|Patti Page spent 40 years as an employee of the West Bloomfield Township Police Department. A graduate of West Bloomfield High School, she is a member of the Fraternal Order of Eagles, and a Bison member of the Veterans of Foreign Wars. She is past president of the Kiwanis of West Bloomfield, Keego Harbor and Orchard Lake.|
Ten candidates — Todd T. Birkle, Carol J. Burkard, Mark S. DeGroff, Randy J. Hebert, Rik Kowall, David Lewsley, Patti Page, Michael C. Powell, Scott Ruggles and Andrea C. Voorheis — are competing in the Tuesday, Aug. 7 Republican primary election for four trustee positions on the White Lake Township Board of Trustees. Since no Democrats are running, the top four vote-getters in the primary election will earn four-year terms that pay $681.25 per month.
The following are questions we posed to Page, and her responses to those questions.
BUDGET: All municipal governments in Michigan have faced difficult budget scenarios over the past few years, as declines in property values have produced a revenue stream that can’t keep up with various rising costs. What changes in township budgeting priorities or processes do you advocate to deal with these hurdles? Where could the township’s budget be trimmed back? What, if anything, in the budget should be held harmless from the budget ax?
PAGE: When dealing with the township budget, officials must keep in mind that there are “necessities” and items that could be considered “luxuries.” Residents have had to cut back and the township should do the same. At the present time, we do not need new GPS, or state of the art computer system or new phones. I would like to explore scheduling ideas and the purchasing process. If we are able to trim back in several small areas, they would add up to assist in the final budget. The township is operating on a skeleton crew now. We cannot afford to cut anymore employees.
PUBLIC SAFETY MILLAGES: For years there has been discussion at the township board level about consolidating the township’s various millages for police and fire services into one levy. Tell us why you do or don’t support that idea. Please state why you do or don’t support the public safety millages appearing on the primary election ballot.
PAGE: We need to keep our own police and fire services. We need to renew the current millages. However, our residents and senior citizens can’t afford any more additional millages at this time. We do not want to tax any more of our residents out their homes.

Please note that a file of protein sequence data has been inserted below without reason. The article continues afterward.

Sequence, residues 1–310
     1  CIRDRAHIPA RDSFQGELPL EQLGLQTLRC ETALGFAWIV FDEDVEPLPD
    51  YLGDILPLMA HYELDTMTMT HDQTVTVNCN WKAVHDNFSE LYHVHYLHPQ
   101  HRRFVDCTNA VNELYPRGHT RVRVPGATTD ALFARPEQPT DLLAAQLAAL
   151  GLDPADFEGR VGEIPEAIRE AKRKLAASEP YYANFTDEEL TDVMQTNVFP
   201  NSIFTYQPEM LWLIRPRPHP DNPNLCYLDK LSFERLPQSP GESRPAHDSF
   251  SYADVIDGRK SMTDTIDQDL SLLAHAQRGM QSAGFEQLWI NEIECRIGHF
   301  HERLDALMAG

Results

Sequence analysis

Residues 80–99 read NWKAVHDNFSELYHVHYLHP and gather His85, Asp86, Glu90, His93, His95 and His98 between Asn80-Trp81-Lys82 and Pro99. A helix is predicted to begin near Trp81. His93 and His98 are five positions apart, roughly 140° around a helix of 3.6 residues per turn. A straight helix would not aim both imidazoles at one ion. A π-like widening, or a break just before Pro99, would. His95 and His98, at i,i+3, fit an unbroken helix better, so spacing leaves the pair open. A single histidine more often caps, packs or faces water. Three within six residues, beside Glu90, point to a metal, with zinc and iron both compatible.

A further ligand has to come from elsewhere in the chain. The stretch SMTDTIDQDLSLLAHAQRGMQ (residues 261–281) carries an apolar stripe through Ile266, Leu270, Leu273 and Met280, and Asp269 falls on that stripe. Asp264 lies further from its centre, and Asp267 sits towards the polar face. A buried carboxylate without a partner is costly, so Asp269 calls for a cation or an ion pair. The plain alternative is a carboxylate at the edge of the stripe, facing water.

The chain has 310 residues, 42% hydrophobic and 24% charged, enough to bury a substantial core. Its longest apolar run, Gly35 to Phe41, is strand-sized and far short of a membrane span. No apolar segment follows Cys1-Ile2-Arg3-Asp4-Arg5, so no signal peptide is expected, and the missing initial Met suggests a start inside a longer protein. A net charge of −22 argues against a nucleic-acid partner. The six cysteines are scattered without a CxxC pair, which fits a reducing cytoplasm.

DEVELOPMENT: White Lake has seen a boom in development in recent years, with everything from small businesses to “big box” stores opening up, particularly along M-59. Is there a point when there is “too much” development in White Lake? As supervisor, what, if anything, would you do to attract new businesses to White Lake? When will it be appropriate, if ever, to revisit the corridor improvement authority concept in the township?
PAGE: We need to make White Lake Township affordable and desirable for present and future residents and businesses. This can be accomplished through policies and ordinances that are simple and easy to understand,
as well as affordable.
TOP ISSUES: What are the three most important issues for the township, and how do you propose to address them?
PAGE: No. 1, the economy of today and the needs of the residents and businesses. We need to listen to opinions of the residents and the long time business owners.
Elected officials need to set aside personal projects and need to be held to the same standards of developers.
Government needs to lead, not follow the big business shadows. Government is not a big business with respect to budget items or employees and must consider the needs of the residents.
WHY YOU? Why specifically should voters choose you over your opponent?
PAGE: I will bring honesty and common sense to the table and instill integrity back into the community.